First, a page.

Vessels in port
Maintenance dredging commences at the Port of Hay Point
Essential maintenance dredging at the Port of Hay Point is scheduled to commence this weekend. The works will be undertaken by specialist vessel the TSHD Brisbane, on behalf of North Queensland Bulk Ports Corporation (NQBP) and the port’s terminal operators. NQBP Chief Executive Officer Nicolas Fertin said the Port of Hay Point primarily exports metallurgical coal, a key resource in steel-making.
39 ships waiting for coal outside DBCT
The wait time for ships to pick up coal has stretched to three weeks. The main function of DBCT is to receive, process and store millions of tonnes of metallurgical and thermal coal extracted from mines in the central Bowen Basin. This coal is then loaded onto ships to be exported around the world. DBCT is only one portion of the entire coal supply chain. The other main components are the coal mines, the rail networks and the other coal export terminals. Damage to the Goonyella rail line caused significant delays and stockpiling after Cyclone Debbie. The coal is extracted from a combination of open cut and underground mines by the mining companies and then processed to a point where it can be stockpiled in preparation for loading onto incoming coal trains. When the train reaches the terminal, it passes through one of three inloading rail receival stations where the coal is dumped out of the open bottom of the train and onto conveyors that then transfer the coal to the DBCT stockyard. The stockyard holds different types of coal in stockpiles that can then be reclaimed and transferred via kilometres of conveyors to shiploaders 3.8 kilometres offshore. The shiploaders load the coal onto vessels that ship the coal to ports all over the world. Source: MiningMonthly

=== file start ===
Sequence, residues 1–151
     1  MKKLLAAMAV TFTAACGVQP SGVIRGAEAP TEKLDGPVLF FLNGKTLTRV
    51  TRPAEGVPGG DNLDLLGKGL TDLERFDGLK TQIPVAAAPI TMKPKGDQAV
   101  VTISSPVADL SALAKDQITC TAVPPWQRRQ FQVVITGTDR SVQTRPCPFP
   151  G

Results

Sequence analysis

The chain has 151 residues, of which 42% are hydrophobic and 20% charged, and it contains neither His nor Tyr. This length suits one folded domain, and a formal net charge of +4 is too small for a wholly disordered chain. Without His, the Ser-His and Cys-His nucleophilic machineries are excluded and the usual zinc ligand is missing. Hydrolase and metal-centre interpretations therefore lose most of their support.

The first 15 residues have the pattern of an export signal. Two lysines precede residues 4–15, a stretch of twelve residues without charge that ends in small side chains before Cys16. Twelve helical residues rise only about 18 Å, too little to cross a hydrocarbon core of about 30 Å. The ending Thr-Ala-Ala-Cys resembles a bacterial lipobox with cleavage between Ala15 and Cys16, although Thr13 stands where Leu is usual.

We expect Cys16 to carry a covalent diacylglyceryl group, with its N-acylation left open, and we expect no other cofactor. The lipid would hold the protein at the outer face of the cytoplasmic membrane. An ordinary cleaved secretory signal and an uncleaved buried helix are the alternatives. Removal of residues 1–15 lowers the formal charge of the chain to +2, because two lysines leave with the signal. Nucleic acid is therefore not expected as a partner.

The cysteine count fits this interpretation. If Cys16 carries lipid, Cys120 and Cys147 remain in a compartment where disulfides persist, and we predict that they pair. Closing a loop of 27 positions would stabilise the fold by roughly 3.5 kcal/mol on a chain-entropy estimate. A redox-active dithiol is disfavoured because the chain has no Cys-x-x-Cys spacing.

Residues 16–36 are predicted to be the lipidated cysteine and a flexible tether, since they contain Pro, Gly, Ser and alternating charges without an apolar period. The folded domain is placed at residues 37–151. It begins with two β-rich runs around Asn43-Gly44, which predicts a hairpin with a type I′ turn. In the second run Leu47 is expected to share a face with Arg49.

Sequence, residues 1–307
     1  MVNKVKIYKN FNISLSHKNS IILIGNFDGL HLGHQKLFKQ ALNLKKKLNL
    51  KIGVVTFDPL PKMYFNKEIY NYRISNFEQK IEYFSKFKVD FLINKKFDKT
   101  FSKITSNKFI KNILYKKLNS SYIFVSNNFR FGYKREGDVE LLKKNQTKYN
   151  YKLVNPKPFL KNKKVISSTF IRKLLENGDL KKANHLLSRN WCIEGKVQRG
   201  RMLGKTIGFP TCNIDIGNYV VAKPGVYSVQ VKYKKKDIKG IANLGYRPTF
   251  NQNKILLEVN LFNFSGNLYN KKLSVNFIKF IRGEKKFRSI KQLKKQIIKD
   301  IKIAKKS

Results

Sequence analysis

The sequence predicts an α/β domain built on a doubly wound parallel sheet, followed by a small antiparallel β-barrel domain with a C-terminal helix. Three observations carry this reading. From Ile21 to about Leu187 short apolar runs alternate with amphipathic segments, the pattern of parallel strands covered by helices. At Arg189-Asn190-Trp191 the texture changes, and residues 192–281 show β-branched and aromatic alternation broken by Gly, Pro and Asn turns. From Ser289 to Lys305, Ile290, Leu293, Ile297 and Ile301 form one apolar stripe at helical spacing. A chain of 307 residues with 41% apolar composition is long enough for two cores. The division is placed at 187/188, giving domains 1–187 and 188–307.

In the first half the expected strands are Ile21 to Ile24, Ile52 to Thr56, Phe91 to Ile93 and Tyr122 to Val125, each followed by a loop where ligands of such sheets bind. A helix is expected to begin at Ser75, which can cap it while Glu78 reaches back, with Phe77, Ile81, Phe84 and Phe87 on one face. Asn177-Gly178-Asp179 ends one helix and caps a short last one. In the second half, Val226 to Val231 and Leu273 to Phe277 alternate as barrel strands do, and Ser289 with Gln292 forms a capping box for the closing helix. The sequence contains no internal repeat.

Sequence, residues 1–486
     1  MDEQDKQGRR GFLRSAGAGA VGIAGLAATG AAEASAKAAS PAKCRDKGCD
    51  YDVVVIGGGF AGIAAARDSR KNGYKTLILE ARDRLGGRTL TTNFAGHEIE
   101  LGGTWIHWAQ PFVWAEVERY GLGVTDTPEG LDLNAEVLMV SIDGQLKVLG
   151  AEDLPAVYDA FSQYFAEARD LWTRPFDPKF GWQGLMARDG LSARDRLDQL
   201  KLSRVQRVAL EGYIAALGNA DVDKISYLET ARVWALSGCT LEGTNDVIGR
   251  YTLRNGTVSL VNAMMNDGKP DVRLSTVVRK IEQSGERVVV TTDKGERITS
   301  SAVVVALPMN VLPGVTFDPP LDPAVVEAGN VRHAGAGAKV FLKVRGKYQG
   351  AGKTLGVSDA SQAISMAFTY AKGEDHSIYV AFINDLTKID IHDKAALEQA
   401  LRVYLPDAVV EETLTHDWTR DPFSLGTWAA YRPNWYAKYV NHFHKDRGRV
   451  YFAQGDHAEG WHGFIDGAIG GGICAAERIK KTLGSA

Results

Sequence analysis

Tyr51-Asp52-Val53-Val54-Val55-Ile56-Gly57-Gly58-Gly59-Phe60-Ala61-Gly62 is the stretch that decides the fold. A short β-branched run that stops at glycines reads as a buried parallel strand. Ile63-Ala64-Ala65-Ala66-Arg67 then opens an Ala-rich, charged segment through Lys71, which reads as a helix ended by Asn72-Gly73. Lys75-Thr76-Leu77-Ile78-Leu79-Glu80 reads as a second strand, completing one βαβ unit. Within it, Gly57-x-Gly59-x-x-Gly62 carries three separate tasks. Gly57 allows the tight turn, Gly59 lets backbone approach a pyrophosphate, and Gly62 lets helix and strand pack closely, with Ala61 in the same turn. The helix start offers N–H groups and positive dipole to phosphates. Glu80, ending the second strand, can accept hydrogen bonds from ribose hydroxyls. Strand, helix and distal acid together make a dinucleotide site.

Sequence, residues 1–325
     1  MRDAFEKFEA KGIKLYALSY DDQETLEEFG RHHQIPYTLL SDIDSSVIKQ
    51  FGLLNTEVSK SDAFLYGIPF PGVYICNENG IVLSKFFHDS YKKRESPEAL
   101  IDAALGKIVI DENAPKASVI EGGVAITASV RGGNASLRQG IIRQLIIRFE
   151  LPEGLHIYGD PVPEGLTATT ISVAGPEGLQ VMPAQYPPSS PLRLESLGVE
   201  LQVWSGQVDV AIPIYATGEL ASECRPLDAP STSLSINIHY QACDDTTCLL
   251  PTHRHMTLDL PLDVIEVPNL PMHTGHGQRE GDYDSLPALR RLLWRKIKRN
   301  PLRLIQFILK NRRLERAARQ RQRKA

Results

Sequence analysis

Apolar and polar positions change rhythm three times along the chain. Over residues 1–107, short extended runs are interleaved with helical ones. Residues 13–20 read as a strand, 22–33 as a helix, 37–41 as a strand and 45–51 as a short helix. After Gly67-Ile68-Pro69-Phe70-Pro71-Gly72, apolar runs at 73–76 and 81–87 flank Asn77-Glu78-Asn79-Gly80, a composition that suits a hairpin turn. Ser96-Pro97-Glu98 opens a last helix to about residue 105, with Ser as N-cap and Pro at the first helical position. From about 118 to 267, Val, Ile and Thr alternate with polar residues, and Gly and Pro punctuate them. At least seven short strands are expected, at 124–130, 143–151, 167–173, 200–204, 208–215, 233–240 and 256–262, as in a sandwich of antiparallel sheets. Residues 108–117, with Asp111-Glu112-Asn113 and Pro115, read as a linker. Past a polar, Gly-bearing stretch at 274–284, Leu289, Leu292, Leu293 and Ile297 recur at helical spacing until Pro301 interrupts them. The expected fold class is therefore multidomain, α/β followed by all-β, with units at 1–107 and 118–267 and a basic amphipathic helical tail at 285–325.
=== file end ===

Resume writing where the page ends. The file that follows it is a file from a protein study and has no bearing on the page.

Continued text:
Dalrymple Bay coal vessel queue moving slowly
The vessel queue off Dalrymple Bay port in Australia’s Queensland is subsiding more slowly than expected nearly a month after maintenance on its berth 2 was due to be completed. There were 44 vessels at Dalrymple Bay today, down only slightly from 47 a month ago and still more than double the usual queue of 18-20. Waiting times at the port are still up to a month, although this is down on the six-week waiting time for some vessels in early December. Initial shipping data suggest Dalrymple Bay shipped around 6.3mn t in December. Shipping data, which uses the maximum dead weight tonnage of a vessel, often over estimates the shipments. Shipping data suggested Dalrymple Bay shipped 5.6mn t in November but official port data put the figure at 5.18mn t. The initial data shows that shipments increased in December over November but were still down on the 6.6mn t shipped in December last year and on the 6.64mn t shipped in October. Official port data for December should be available later this week. Berth 2 was closed for maintenance for most of November and only loaded its first cargo on 10 December, rather than 5 December as had been anticipated. This delayed restart contributed to the lower shipments in December that have meant that the congestion at the port has not cleared as quickly as had been expected. The congestion was caused by a combination of overallocation in September and October and the maintenance at berth 2. The port was contracted at an annualised rate of up to 100mn t of coal in September and October but only has a maximum rated capacity of 85mn t/yr. Dalrymple Bay exports are mainly coking coal, although the port also ships thermal coal. http://www.hellenicshippingnews.com/dalrymple-bay-coal-vessel-queue-moving-slowly/Upload News